At the turn of the twentieth century, a number of what would become New Your artistic landmarks would set up shop in the Village.  In 1914, famed American sculptor and art patron Gertrude Whitney established the Whitney Studio Club at 8 West 8th Street as a facility where young artists could exhibit their works.  Ten years later, in 1924, the Cherry Lane Theatre  was established, and is now New York City's oldest continuously running off-Broadway theater--and still carrying the reputation as a place where aspiring playwrights and emerging voices can showcase their work.  In 1938, renowned abstract expressionist artist and teacher Hans Hofmann moved his art school from to 52 West 8th Street. (The school remained active until 1958 when Hofmann retired from teaching.)  These major contributions to New York's art scene spawned hundreds to follow. 

During what has been called the “Golden Age” of Bohemianism, Greenwich Village became famous for internationally-acclaimed eccentrics such as Joe Gould and Maxwell Bodenheim, dancer Isadora Duncan, writer William Faulkner, and playwright Eugene O'Neill.  Political rebellion also thrived here with John Reed and Marcel Duchamp, who in the 1940s proclaimed the founding of "The Independent Republic of Greenwich Village.”  A haven for Beatniks of the 50s and early sixties, (as well as the Eastcoast Hippie), the Village would later play central roles in the creative musings of the likes of Jack Kerouac, Allen Ginsberg, William S. Burroughs, James Baldwin, Truman Capote, Marianne Moore, Maya Angelou, Rod McKuen, and Dylan Thomas (who collapsed while drinking at the famous White Horse Tavern on November 5, 1953).  And following the lead of Village resident and cultural icon Bob Dylan, dozens of other now famous pop stars got their start in the Village's nightclub, theater, and coffeehouse scene during the 1950s, 1960s, and early 1970s, including Barbra Streisand, Peter, Paul, and Mary, the Kingston Trio, Joan Baez, the Lovin’ Spoonful, Simon & Garfunkel, Jackson Browne, James Taylor, the Velvet Underground, Maria Muldaur, Tom Paxton, Phil Ochs, Joni Mitchell, Laura Nyro, and Jimi Hendrix-- among many others. The Village of the 1970s even saw the likes of Jim Morrison and John Lennon walking the famous streets.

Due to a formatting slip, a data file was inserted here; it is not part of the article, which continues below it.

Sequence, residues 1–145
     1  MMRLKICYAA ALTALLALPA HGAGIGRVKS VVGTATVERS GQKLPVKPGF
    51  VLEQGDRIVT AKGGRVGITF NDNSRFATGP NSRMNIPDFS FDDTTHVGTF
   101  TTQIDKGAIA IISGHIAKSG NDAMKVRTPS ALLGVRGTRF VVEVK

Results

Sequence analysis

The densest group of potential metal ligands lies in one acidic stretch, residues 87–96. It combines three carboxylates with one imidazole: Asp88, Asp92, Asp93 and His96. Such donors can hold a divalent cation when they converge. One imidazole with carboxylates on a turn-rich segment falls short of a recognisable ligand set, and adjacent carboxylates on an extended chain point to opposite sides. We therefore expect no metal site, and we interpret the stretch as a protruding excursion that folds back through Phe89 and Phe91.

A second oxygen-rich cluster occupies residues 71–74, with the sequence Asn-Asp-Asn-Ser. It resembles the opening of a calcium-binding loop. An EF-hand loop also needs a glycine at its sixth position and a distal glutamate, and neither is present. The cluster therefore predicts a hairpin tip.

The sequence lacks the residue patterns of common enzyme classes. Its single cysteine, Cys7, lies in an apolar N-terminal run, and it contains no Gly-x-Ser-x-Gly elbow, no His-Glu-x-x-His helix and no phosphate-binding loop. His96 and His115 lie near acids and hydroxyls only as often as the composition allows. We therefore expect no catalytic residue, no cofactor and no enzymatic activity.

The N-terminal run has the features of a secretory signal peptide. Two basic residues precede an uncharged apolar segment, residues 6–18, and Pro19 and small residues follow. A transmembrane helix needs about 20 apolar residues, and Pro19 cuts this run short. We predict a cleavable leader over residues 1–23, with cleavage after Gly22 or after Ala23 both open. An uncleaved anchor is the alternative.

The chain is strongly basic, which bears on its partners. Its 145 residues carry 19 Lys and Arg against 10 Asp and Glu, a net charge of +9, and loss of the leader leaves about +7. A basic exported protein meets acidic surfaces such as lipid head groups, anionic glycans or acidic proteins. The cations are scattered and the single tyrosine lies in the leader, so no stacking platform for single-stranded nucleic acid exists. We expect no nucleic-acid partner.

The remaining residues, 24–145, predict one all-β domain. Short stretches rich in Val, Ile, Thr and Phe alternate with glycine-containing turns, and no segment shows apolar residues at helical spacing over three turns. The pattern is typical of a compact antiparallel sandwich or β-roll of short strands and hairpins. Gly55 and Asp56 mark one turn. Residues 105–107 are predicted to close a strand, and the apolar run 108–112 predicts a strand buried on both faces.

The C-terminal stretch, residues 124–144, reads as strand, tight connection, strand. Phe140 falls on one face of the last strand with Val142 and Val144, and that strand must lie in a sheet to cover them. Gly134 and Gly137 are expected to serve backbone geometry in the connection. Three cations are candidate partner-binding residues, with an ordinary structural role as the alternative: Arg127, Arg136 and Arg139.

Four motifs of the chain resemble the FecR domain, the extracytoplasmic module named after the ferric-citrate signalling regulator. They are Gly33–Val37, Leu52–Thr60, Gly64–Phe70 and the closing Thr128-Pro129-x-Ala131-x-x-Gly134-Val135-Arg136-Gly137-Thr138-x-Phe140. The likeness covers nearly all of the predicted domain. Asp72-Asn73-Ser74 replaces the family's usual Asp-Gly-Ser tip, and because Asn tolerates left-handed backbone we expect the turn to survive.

While today Greenwich Village is home to many celebrities including Julianne Moore, Liv Tyler, Uma Thurman, Philip Seymour Hoffman, Edward Norton, Leontyne Price, and Amy Sedaris, many old-school artists and local historians lament the fact that the Bohemian days of Greenwich Village are long gone due to the extraordinarily high housing costs of the neighborhood.  (Many of the artists have fled to other parts of the city, and even outside the state.)  Nevertheless, residents of Greenwich Village still possess a strong community identity and are proud of their neighborhood's unique history and fame, and its well-known liberal "live-and-let-live" attitudes.

West 4th and West 12th

McDougal Street


Images via and the Greenwich Historical Society